Monday, October 31, 2011

Project Able helps recovering addicts rebuild their lives

I got to know John Oak when he was completing Project Able, a program at the Center of Hope that helps homeless people who are clean and sober get back in the workforce and in their own home. John stopped by to visit me last week and when I told him I was working on a story about meth addiction, he told me his story. He said he started using alcohol and pot when he was 14 and dropped out of school at 15. I’ve noticed that this is the age many addicts get started. John said he moved on to cocaine and acid, started cooking meth when he was 29 and immediately became addicted. His life became a roller coaster ride of incarcerations and rehabilitation programs that didn’t work. But in 2006, he started a prison rehab program called First Step, and began his recovery. I was surprised that First Step didn’t have a spiritual component, but still worked. John said it was the desire to build a new relationship with his father that allowed him to focus on his recovery and rebuild his life. He got out of prison in 2008 and showed up at the Center of Hope “with nothing but the clothes on my back.” He joined Project Able. He went back to work for his old employer, riding his bike the twenty miles from the Center to work and back five days a week. I admire that. John saved up enough money during his two years in Project Able to make the down payment on a new mobile home, where he now lives. Congratulations on your new life, John. You’ve worked hard to earn everything you have. Now it’s time to enjoy it!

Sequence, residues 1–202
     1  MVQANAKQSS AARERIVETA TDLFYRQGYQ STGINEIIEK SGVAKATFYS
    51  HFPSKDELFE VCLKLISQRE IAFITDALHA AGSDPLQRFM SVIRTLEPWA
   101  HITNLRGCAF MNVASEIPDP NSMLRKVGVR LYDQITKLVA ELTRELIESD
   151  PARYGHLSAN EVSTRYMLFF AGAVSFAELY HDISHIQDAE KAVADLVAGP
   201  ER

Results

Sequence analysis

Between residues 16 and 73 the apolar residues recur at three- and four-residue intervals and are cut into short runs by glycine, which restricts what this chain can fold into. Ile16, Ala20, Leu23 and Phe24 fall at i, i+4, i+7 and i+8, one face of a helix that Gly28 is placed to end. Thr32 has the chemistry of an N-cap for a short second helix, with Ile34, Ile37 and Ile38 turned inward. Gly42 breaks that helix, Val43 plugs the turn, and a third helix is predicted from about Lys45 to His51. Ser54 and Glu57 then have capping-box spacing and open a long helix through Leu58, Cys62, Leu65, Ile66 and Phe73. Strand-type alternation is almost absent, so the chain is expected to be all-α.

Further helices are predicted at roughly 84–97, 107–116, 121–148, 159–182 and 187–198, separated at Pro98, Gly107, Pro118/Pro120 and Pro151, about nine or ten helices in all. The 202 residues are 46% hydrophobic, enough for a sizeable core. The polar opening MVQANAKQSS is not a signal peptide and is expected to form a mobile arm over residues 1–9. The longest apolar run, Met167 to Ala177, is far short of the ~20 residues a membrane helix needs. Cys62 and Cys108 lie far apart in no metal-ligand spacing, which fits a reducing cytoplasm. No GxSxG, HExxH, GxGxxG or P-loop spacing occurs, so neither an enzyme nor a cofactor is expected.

Friday, October 28, 2011

In praise of three gentlemen

Last week one of my coworkers told me a story that made me think that chivalry is not dead, that there are men (other than my husband) who are true gentlemen. The story was that after the Women’s Leadership Council toured the Center of Hope, the head of Social Services, Ronn Glosson, stood in the parking lot to make sure the visitors got safely in their cars and on their way. What I didn’t see was that he also stayed in the parking lot until the last female staff member drove away (It was Lindsay and she was checking voicemail and playing with her iPhone, she felt guilty when she realized he had been waiting for her to leave). He went beyond what was expected of him because that’s who he is. I thought I would blog about it as soon as I had a small collection of stories about gentlemen, never dreaming that I’d meet the next one two days later.

A radio show host was recording an interview with last year’s top bell ringer, Samuel Folks. Samuel is 60, soft spoken and mannerly. He revealed that he had been on the first all-black youth baseball team in Tulsa that was allowed in an all-white league. When the interviewer asked him if he had experienced racial injustice, he replied “I’ve found that when you’re looking for racial injustice you’ll find it. When you’re not looking, you don’t find it.” I can only guess that even as a youth, Samuel handled himself with dignity whether he was treated with dignity or not.

My third brush with a gentleman happened the same week at a celebration of Dick Williamson’s 40 years with TD Williamson. Dick is not only on our advisory board, but also on the National Salvation Army board. He also volunteers extensively. His company’s motto is “Integrity, Initiative, Interdependence.” Employees characterize him as a “servant leader,” and I can see that in his humble style and quiet leadership. I first met Dick when he taught a Sunday School class I attended 15 years ago. In eight days, I’ve gathered enough information for a post that I thought would take months to do. Thank you, gentlemen, you enrich life for all of us.


Friday, October 21, 2011

National advocate for the homeless stops in Tulsa